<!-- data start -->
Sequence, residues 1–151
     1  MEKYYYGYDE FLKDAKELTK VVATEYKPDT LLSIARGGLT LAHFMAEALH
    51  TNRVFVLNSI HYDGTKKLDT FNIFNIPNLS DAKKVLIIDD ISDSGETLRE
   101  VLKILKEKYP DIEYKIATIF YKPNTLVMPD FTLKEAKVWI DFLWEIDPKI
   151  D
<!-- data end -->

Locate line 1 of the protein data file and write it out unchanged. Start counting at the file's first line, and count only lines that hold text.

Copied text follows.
Sequence, residues 1–151